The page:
FDA warns against using 'risky' colored contact lenses for Halloween

Korin Miller
·Writer

The U.S. Food and Drug Administration (FDA) has a warning for Halloween fans: Don’t use decorative contact lenses unless you buy them from your doctor.

Decorative contact lenses are actually medical devices, the FDA explains, and even though they’re readily available at beauty supply stores and Halloween suppliers, you should always have a prescription to wear them.

Wearing these lenses is “risky” and can cause “serious damage” to your eyes if you get them without a prescription or don’t use them correctly, the FDA warns. The agency cites the risks of a cut or scratch on the top layer of your eyeball, allergic reactions, decreased vision, infections, and even blindness.

“Don’t use these,” Christopher J. Rapuano, MD, chief of the Wills Eye Hospital Cornea Service, tells Yahoo Lifestyle. “Contacts need to be properly fitted by an official contact lens fitter for them to be used as safely as possible. Not having a proper fit makes the chances of complications go up significantly.”

Not only can a poor fit be an issue, but also many of these lenses are made of cheap material, he says. “The contacts can chip and come off in the eye. These contacts are often not as safe as normal contacts for vision.”

(Photo: Getty Images)
(Photo: Getty Images)

Rapuano recommends that both kids and adults avoid these lenses — even if you’ve had no issues with them in the past. “I’m sure that some people wear them and do just fine, but it’s playing with fire,” he says. “At some point, you’re going to get burned.” That can range from a “mild scratch” that’s treated pretty easily to a severe ulcer that’s infected with bacteria, fungus, or a parasite, he says. “The results are potentially devastating for the eye,” he adds.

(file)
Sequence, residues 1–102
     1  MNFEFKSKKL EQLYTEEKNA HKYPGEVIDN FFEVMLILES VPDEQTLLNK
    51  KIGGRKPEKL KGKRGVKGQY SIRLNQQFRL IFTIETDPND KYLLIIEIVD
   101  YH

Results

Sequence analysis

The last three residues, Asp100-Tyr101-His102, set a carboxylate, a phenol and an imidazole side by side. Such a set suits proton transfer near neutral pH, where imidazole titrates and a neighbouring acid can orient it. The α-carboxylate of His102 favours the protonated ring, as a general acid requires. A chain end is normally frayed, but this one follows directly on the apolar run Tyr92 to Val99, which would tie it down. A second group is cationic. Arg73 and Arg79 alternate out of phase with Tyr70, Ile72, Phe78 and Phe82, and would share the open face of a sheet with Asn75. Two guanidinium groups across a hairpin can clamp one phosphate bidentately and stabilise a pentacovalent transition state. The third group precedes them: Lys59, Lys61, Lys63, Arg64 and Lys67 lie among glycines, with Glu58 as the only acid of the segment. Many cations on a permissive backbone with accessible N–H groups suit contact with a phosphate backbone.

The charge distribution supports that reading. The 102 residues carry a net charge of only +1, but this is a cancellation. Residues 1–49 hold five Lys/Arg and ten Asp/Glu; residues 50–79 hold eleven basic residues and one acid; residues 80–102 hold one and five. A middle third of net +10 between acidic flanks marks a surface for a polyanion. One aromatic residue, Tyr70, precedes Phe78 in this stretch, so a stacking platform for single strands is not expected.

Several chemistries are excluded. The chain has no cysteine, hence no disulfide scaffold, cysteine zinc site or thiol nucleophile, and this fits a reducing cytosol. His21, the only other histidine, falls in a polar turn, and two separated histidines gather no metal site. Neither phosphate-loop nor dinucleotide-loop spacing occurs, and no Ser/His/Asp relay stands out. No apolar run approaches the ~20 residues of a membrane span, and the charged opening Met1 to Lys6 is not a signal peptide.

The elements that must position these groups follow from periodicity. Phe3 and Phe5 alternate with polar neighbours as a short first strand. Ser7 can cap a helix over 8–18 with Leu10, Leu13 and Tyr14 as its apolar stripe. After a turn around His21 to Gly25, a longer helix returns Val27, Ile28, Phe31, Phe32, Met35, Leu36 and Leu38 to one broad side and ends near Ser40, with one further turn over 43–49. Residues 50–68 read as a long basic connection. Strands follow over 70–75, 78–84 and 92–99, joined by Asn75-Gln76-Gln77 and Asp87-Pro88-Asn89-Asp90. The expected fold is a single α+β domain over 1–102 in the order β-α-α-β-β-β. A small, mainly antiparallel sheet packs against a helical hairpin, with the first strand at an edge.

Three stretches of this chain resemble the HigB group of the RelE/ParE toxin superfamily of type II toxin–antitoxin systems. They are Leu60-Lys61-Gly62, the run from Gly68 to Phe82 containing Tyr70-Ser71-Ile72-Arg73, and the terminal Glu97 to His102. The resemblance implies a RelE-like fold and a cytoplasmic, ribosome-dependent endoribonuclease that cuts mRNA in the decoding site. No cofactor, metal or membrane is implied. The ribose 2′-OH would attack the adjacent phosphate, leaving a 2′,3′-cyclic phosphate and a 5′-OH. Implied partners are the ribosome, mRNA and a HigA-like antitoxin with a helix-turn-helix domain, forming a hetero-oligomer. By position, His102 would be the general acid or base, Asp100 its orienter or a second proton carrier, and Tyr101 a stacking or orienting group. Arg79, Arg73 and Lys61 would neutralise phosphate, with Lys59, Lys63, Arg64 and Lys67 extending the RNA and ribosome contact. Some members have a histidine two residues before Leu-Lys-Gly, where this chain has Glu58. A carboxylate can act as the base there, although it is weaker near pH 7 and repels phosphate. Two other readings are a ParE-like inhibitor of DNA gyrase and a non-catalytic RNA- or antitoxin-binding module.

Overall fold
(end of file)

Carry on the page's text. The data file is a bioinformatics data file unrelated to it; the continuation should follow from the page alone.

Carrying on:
For the record, the FDA is fine with people wearing decorative lenses provided they’re purchased with a prescription and from your eye doctor or a company that sells FDA-cleared or approved contact lenses. That said, you should take a hard pass on the inexpensive ones available at your local drugstore or novelty store.

As Jennifer Fogt, a fellow of the American Academy of Optometry and an associate professor in the College of Optometry at the Ohio State University, tells Yahoo Lifestyle, “One party is not worth the risks.”

She adds, “I am happy to fit my patients in safe costume contact lenses that are FDA-approved devices. I recommend that we start early so we have time to order lenses and evaluate the fit of the lenses on the eye and to make sure that the colored portions of the lenses do not obstruct the pupil and cause poor vision. If they are fit by an eye doctor, you can safely wear these lenses.”

However, if you do decide to disregard medical advice and wear these lenses, definitely don’t fall asleep in them. “Overnight wear increases the risk of problems,” Rapuano says.

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